Planetary Epicyclic Ratios:

planet/sun gear ratio for mGo >= 4:

mG = (mGo-2)/2 sun is the pinion

planet/sun gear ratio for mGo < 4:

mG = 2/(mGo-2) planet is the pinion

internal/planet gear ratio:

mG = (2*(mGo-1))/(mGo-2)

Note: planetary gears cannot have mGo = 2. A reasonable minimum ratio is mGo = 2.2.

10.1.6 Profile modification

You can make corrections to the theoretical involute (profile modification). The type of profile modification has an impact on the calculation of the scoring safety. The Distribution factor (or Force Distribution factor) XGam is calculated differently depending on the type of profile modification. There is a significant difference between cases with and without profile correction. The difference between profile correction ’for high load capacity’ gears and thise ’for smooth meshing’ however is not so important. The calculation procedure requires that the Ca (of the profile correction) is sized according to the applied forces, but does not indicate an exact value.

10.1.7 Stress cycle factor

The stress cycle factor can be determined dependent upon the expected application. The choice of critical service (Y N 0.8) or general applications (Y N 0.9) can be set from the drop-down list.

10.1.8 Calculation of tooth form factor

The point of force to be assumed by the calculation of tooth form factor for spur and LACR gears is defined here. The drop down list allows the definition of force applied at tip or at the high point of single tooth contact (HPSTC).

10.1.9 Reliability and The Reliability Factor

The reliability factor KR accounts for the statistical distribution of fatigue failures found in materials testing. The required design life and reliability varies considerably with the gear application. Some gears are expendable, and a high risk of failure and a short design life are acceptable. Other applications such as marine gears or gears for power generation, require high reliability and very long life. Special cases such as manned space vehicles demand very high reliability combined with a short design life.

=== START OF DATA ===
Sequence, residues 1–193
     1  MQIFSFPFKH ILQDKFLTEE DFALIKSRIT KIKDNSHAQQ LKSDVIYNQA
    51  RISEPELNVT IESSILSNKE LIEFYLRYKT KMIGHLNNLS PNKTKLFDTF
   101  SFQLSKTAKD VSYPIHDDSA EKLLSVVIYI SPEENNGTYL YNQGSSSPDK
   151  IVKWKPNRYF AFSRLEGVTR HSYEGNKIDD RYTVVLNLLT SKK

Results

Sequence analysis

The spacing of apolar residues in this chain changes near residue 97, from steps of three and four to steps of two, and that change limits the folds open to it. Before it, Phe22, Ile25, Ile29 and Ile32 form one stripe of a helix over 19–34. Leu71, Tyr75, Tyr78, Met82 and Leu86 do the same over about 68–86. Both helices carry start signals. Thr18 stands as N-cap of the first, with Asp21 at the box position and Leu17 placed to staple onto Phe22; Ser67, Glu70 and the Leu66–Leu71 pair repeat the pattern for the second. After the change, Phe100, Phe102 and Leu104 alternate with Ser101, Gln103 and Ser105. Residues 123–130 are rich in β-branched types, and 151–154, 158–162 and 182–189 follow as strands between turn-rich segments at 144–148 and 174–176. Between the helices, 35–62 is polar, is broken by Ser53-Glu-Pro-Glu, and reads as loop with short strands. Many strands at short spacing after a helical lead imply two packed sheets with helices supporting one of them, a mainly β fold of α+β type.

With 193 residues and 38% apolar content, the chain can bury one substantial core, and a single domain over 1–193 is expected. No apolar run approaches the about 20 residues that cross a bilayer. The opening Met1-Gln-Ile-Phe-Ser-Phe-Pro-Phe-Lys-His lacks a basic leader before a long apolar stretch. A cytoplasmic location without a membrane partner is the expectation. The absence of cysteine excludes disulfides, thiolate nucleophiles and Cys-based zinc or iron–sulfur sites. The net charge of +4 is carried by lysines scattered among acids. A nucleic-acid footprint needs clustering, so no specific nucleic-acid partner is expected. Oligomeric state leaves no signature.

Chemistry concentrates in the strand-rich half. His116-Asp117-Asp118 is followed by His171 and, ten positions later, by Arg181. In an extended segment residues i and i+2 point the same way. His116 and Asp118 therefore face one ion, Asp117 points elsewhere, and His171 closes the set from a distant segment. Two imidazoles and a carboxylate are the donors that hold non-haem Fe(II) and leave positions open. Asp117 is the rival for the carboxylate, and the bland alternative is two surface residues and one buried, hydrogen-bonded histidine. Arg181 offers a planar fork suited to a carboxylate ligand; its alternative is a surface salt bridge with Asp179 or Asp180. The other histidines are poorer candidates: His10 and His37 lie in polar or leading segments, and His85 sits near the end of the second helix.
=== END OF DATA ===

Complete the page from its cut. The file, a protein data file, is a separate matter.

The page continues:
Reliability R Application Failure Frequency

0.9 Expendable gears. Motor vehicles. 1 in 10
0.99 Usual gear design 1 in 100
0.999 Critical gears. Aerospace vehicles 1 in 1000
0.9999 Seldom used. 1 in 10000

10.1.10 Required safety factors

An extra margin of safety can be specified by assigning SF > 1.0 for the bending stress and SH > 1.0 for the pitting. Since pitting fatigue is slowly progressive, and pitted gear teeth usually generate noise which warns the gearbox operator that a problem exists, pitting failures are not usually catastrophic. Bending fatigue frequently occurs without warning and the resulting damage may be catastrophic.

The safety factors should be chosen with regard to the uncertainties in the load and material data and the consequences of a failure. Small safety factors can be used where the loads and material data are known with certainty and there are small economic risks and no risk to human life. However, if the loads and material data are not known with certainty and there are large economic risks or risks to human life, larger safety factors should be used. The bending fatigue safety factor is frequently chosen greater than the pitting safety factor (SF > SH) since bending fatigue may be catastrophic. However, SF should not be too large because it leads to coarse-pitch teeth which may be noisy and prone to scoring failures.

Choosing a safety factor is a design decision that is the engineer’s responsibility. It must be carefully selected accounting for the uncertainties in:

Consider the need to conserve material, weight, space or costs. Most importantly, consider: